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When Are You Ready to Sell


Maybe not when you think. The business owner(s) is usually never completely ready to sell. In other words, there is no "perfect" deal. How does the owner best prepare for a satisfactory exit?

Steps to reach an exceptional finish:

  1. Discuss with your significant other what you are embarking upon and the timeframe. Keep them in the loop as the process progresses.
  2. Find and enlist a lead advisor, your quarterback. He/she should be your most trusted advisor, one who has only your best interest in mind. In some cases, that person may be a close friend or business person who recently sold his business. Alternatively, the advisor could be your legal counsel, investment banker, or accountant.
  3. Estimate your initial budget for the due diligence to prepare your company for sale. Whatever that estimate, reserve cash for twice that amount.
  4. Determine who from your firm you will include in the process. Also, set the boundaries for what information to share with them, and when.
  5. Delegate to your management team a detailed PERT chart of tasks and completion dates. Keep this due diligence program updated continually.
  6. With the assistance of your investment banker or valuation firm, or both, estimate the range of reasonable selling price. As part of this analysis, determine the lowest price you will accept, or "the line in the sand."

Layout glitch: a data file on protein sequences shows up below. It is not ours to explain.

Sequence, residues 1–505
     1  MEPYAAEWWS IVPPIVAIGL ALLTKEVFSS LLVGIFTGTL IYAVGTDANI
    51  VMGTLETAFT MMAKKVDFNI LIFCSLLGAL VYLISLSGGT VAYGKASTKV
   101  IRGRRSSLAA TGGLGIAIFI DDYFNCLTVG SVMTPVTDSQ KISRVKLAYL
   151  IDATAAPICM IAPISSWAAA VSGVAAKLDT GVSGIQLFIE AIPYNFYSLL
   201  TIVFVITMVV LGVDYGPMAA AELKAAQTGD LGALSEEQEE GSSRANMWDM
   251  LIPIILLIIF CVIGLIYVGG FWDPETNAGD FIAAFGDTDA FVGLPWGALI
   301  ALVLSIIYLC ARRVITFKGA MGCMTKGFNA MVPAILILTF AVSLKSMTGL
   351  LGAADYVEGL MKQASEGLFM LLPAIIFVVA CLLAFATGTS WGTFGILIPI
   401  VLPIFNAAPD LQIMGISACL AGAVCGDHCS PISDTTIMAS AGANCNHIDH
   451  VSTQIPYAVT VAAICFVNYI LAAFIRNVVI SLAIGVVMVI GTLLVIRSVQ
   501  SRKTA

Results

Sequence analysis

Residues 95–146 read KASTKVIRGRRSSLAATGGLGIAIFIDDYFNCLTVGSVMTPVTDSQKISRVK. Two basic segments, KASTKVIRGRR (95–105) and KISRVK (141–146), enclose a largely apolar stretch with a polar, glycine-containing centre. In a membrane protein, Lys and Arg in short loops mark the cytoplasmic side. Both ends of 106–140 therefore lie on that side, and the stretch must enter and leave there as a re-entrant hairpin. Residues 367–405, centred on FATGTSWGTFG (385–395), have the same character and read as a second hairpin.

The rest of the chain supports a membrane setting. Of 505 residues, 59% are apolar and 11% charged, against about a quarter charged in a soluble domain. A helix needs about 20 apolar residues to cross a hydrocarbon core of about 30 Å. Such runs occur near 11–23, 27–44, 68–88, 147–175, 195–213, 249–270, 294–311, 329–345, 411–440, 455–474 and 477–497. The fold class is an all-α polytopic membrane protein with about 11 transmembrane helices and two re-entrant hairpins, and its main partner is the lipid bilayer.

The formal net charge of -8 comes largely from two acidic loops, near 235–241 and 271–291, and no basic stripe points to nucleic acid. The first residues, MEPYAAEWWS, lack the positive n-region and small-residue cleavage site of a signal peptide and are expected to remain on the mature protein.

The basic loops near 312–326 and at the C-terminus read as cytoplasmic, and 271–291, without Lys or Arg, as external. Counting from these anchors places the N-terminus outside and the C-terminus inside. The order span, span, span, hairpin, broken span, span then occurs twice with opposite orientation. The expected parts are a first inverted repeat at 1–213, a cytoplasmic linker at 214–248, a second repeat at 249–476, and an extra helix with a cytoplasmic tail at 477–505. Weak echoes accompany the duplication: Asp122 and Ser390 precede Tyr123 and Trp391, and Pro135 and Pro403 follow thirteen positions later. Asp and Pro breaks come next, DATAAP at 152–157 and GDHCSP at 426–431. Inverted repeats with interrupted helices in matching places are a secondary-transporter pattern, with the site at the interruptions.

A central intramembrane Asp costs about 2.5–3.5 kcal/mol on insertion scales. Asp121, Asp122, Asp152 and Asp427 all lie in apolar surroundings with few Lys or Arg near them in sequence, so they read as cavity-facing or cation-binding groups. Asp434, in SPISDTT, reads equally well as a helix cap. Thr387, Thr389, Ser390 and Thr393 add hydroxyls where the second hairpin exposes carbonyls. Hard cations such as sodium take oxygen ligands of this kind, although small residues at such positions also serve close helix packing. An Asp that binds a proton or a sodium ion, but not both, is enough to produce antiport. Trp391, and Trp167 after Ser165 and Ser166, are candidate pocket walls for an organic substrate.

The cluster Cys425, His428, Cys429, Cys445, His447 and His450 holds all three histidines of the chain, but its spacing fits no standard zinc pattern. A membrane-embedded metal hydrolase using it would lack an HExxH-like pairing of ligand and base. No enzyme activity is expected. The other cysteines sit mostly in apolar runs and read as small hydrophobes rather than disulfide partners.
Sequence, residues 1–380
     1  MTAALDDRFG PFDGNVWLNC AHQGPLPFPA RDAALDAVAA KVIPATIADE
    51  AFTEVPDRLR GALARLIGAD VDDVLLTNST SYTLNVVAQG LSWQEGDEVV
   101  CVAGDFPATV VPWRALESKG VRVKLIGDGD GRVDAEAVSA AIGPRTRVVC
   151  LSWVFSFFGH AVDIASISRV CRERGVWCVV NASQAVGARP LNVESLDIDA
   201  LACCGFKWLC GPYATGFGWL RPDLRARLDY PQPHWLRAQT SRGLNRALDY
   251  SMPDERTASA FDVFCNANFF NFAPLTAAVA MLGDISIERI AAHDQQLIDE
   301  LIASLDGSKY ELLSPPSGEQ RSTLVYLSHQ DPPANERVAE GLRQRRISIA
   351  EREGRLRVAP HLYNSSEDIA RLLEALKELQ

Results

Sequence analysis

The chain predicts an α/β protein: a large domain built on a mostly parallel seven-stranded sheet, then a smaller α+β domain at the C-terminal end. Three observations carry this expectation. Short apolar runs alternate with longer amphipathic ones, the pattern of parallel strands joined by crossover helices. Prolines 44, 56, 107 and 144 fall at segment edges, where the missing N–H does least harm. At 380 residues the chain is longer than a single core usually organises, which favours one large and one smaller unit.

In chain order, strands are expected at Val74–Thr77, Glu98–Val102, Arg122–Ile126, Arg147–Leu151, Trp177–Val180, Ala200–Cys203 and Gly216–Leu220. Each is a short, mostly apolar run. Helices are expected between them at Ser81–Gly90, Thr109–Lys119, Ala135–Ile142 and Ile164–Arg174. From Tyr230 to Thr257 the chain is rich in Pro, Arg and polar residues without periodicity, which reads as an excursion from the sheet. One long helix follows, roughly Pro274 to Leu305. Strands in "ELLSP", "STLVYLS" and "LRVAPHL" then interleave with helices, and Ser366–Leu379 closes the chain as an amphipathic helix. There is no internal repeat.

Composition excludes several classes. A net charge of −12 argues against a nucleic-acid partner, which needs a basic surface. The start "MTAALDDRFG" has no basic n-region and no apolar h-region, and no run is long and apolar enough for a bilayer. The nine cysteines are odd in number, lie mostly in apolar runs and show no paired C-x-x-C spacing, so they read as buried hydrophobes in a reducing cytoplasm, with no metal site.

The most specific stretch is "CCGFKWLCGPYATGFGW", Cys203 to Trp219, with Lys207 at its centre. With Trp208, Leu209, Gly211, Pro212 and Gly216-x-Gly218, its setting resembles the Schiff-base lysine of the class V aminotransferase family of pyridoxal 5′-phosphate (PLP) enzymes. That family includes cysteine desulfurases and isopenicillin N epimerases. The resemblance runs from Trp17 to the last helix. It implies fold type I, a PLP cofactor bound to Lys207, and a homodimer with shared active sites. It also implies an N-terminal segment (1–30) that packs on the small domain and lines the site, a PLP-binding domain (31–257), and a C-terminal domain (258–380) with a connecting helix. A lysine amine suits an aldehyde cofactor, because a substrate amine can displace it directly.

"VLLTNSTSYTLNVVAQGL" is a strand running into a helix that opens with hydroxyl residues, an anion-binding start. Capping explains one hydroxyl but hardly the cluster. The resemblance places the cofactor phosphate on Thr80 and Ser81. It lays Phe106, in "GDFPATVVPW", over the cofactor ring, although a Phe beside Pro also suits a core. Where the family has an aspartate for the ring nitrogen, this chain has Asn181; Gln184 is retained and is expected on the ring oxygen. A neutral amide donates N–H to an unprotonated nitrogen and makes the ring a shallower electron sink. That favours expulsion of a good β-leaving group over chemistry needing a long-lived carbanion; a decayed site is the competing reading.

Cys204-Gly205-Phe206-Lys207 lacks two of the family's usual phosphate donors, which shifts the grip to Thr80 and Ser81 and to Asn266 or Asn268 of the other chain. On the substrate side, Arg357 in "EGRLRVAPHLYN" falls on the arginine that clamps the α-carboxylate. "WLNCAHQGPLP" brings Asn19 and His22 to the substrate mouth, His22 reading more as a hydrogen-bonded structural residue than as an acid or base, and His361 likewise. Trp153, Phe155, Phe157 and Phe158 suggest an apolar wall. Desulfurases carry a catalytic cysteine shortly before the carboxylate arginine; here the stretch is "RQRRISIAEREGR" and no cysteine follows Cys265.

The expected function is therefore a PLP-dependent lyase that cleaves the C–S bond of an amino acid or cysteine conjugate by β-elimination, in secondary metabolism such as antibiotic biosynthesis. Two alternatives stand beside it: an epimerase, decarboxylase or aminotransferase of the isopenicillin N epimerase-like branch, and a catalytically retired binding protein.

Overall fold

7. Ensure that your focus remains on the business – revenues and EBITDA. Buyers get discouraged when they are in the process of due diligence and sellers are not growing, lose customers, or experience abnormal costs.
  8. Remain open to bumps in the road – there are numerous hurdles in the sale process, as well as unexpected delays. Keep a calm, open demeanor at times when the deal may appear to be unraveling. This occurrence may happen often, and is common to almost every deal that ultimately closes.
  9. Hire the best professionals you can afford, and ensure they will collaborate to your benefit. It is far better to pay more for the right talent than to skimp on fees and miss an advantage in the deal negotiations.
  10. Continue to reassess the management team you will leave behind when the transaction is completed. The more competent this group, the smoother the transition and more valuable the deal terms.